The article below refers to Kojin Karatani’s landmark book, The Structure of World History.

Excerpted from Shaun Bartone:

“Karatani’s analysis of the four types of exchange is one I largely agree with; but I disagree with his suggestion of how Form C: Capitalist Commodity Exchange, will be superseded. He says it will be superseded by a World Republic, an ever-enlarging and all encompassing United Nations, with all it’s organizations and functions: World Bank, IMF, UN Peacekeeping, World Health Organization, etc. that will take over the functions of the State and Nation, and regulate the commodity exchange economy.

But I disagree; I think it will be superseded by the global exchange of information, in a sharing economy that fills the definition of Form D: a Supra-Reciprocal exchange. Karatani said that Form D re-institutes Form A, Reciprocal exchange, at a “higher register”, one that goes beyond household, tribe, band, church.

Information is continuing to grow at exponential rates. Cesar Hidalgo’s explanation of the growth of information (Why Information Grows, 2015) shows that the planet acts like a giant computer that stores and processes information. He says the “hard drive” of the planet is nearly empty. There is so much more space in which information can grow. Furthermore, complex civilizations, like the one we are currently in, are giant computers that can process vast amounts of information, exponentially more than we do already. Hidalgo says that we have barely begun to exploit our potential for processing and growing information.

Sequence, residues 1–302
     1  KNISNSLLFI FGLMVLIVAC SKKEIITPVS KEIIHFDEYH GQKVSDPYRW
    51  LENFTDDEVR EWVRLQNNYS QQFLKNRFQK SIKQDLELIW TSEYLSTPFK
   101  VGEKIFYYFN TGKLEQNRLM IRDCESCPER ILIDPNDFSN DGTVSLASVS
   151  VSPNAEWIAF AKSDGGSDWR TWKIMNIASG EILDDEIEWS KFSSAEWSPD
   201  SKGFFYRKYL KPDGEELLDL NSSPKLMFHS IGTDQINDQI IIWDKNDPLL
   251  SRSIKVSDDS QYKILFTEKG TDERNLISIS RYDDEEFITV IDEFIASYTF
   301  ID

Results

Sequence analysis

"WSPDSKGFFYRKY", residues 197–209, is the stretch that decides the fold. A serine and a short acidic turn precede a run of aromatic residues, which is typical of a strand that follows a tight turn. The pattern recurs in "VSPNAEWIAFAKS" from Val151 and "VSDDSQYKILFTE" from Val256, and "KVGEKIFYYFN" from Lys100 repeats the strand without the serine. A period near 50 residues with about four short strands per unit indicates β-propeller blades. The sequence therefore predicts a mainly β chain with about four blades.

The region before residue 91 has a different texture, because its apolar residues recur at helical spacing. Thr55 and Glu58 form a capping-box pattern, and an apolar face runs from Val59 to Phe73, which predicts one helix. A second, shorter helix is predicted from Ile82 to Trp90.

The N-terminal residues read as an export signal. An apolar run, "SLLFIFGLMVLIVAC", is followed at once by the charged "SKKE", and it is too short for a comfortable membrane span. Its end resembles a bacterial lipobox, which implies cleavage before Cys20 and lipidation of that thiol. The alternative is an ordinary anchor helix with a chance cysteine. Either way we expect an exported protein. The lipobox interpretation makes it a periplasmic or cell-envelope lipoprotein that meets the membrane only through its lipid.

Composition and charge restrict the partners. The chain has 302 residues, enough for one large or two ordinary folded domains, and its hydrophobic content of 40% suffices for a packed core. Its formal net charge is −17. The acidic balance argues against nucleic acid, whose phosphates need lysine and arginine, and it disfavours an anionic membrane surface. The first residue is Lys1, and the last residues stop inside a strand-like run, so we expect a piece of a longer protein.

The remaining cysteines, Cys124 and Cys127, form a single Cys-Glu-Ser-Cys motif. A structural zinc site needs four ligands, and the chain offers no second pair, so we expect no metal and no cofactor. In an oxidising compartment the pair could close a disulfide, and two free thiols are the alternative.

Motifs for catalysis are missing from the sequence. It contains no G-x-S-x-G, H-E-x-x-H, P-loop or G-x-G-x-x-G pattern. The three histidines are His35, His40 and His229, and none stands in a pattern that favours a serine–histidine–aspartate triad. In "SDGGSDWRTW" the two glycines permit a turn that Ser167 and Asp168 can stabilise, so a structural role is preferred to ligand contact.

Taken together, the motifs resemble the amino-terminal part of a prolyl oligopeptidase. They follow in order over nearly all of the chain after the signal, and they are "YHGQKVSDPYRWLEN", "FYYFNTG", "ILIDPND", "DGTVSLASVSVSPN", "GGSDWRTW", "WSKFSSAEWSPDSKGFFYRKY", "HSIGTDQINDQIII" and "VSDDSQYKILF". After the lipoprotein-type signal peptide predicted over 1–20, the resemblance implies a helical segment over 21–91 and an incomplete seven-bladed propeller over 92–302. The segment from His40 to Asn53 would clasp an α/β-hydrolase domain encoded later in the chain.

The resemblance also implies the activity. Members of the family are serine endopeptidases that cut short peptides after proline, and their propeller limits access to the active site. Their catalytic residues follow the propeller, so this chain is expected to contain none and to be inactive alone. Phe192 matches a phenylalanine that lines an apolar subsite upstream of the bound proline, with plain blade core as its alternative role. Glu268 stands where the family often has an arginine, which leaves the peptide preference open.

The growth of information continues exponentially until it exceeds the social processes (institutions) and technological structures (machines) that produced it. The growth of information within a social system is equivalent to the growth of energy within a system. When the energy of a system increases, it shifts the form of the system into a new, more complex state. The attractor (organizational form) of the current social system will shift from money and commodity exchange to information and the sharing exchange. A commodity is scarce, costly to produce, only available at certain places and times. Information cannot function as a commodity because it continuously increases and is ubiquitous, and is therefore abundant, not scarce. The exponential growth of information will disrupt all our current social structures that are based on scarcity and commodity exchange, including Karatani’s Capital-State-Nation.”

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